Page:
Wednesday, May 6, 2009

I'm Your Huckleberry

Though I grew up in the 1990's, I sometimes feel like I missed out on a significant chunk of the culture due to the overprotective nature of my mother, who wouldn't even let me watch The Simpsons until I was about fourteen. She was concerned about how disrespectful Bart was to Homer.

In recent years, perhaps due to fatigue or the fact that she can't win this battle anymore, she's lightened up on my kid brother Conor; he's fourteen now and he's been watching Family Guy (*way* cruder than the Simpsons) for several years. Where am I going with this? Well, my mother's restrictions also included a whole library of great movies rendered unsuitable for my naive and innocent mind. A little blood here, the "f bomb" there, a creamy tit or two--all these meant I would be spending the next couple hours in my room.

Over a decade later, I'm slowly discovering some quality movies made during my childhood. Last weekend while flipping through the TV channels my mother stumbled on the movie "Tombstone," which I'd never heard of, and a lengthy discussion of the film's merits ensued between her and my father. My father then explained to me that it's a western based on the true story of Wyatt Earp and Doc Holliday and the gunfight at the O.K. Corral.

I cringed--westerns aren't really my thing.
"You'll like it," he promised. "It's good."
"When was it made?" I asked.
"Early nineties," he told me.

Ah. Of course. The Dark Ages. Naturally we had to watch the film, and I've been pissing my roommate off pretending to be Doc Holliday ever since.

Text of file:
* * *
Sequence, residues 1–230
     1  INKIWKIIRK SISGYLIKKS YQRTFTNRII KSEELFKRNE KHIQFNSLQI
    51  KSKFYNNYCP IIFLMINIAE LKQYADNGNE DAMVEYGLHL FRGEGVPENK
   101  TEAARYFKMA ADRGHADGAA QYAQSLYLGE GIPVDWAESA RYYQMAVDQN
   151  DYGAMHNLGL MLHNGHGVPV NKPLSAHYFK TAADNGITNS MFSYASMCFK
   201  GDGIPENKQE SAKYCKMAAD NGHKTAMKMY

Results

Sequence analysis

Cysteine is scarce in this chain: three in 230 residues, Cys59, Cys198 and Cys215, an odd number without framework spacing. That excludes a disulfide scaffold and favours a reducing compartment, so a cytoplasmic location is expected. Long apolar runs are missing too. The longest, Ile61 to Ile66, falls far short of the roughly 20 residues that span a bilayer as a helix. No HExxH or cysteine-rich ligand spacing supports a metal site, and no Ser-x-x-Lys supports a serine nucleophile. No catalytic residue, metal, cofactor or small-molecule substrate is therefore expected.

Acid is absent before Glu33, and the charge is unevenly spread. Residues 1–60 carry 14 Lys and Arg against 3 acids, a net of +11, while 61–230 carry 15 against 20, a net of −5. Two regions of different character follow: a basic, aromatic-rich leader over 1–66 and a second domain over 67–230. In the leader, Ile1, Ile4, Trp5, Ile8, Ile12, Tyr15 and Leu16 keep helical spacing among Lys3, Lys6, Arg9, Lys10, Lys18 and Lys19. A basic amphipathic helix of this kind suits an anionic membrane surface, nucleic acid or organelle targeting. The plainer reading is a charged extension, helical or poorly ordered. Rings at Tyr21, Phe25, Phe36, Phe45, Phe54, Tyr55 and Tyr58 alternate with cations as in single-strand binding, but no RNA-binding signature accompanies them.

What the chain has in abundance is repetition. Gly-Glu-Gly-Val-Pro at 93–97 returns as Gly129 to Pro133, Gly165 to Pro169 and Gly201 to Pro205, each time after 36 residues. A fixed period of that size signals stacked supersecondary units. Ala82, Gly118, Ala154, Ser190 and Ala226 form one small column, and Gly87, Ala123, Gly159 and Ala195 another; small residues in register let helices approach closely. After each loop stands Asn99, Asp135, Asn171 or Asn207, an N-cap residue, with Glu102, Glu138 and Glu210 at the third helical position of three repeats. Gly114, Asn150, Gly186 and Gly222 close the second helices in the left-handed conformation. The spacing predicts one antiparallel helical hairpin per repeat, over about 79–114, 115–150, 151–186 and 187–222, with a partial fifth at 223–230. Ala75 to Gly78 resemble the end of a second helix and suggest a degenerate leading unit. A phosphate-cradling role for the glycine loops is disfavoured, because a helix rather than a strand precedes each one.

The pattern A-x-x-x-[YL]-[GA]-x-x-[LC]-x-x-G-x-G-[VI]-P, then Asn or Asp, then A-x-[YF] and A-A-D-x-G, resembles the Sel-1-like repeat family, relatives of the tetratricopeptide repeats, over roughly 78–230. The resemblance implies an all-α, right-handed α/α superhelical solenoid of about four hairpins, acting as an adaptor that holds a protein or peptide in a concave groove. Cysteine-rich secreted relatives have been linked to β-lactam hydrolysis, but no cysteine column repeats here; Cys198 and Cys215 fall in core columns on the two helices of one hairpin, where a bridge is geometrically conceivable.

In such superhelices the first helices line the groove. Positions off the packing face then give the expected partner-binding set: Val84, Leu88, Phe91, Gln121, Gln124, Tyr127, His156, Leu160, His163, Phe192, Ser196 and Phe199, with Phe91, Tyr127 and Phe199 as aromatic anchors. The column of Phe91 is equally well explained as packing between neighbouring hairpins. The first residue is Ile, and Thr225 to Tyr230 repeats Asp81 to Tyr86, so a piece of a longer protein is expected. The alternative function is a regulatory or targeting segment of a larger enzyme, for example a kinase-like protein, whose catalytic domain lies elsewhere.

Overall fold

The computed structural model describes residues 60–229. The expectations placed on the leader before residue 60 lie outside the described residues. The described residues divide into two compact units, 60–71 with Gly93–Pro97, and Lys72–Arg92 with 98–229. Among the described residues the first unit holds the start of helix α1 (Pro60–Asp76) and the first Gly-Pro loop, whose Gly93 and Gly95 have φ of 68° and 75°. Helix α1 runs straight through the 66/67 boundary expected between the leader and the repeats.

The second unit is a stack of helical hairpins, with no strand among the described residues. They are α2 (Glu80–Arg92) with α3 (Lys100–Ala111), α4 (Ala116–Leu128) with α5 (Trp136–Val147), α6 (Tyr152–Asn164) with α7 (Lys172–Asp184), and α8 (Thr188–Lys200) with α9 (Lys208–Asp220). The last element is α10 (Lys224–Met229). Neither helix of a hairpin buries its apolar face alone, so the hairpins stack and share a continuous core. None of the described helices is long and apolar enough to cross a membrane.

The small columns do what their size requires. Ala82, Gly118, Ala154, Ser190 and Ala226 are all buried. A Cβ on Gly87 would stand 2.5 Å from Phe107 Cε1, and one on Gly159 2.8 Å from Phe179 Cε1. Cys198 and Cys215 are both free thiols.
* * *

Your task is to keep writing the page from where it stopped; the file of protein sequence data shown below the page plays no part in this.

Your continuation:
1 comment:

  1. Don't feel too badly about the T.V. programs contradicting the way that you and your brother were raised. I have two younger sisters and the same things happen.

    And, would it make you feel more "normal" if you knew that my mother would not let me watch Rugrats because she thought that they were brats? LOL

    A few years later I soon became obsessed with Rugrats and began collecting many Rugrat branded items.

    While, on the other hand, my mother's sister would let her 2-yea-old watch violent movies and t.v. programming that my mother would not allow my, then, 9-year-old sister to watch. (Although she had a boy and we were a family of girls.)

    I really, truly think that it is the times and that society has just become desensitized. There is something to be said about the phrase: "if you can't beat 'em, join 'em." Also, younger siblings always get it easier, in my experience.

    Furthermore, I still feel uncomfortable watching anything that even says the "s," "b," of "f"-word variations with my mother now. (This was never a problem with my father.)

    I guess some people are just more sensitive.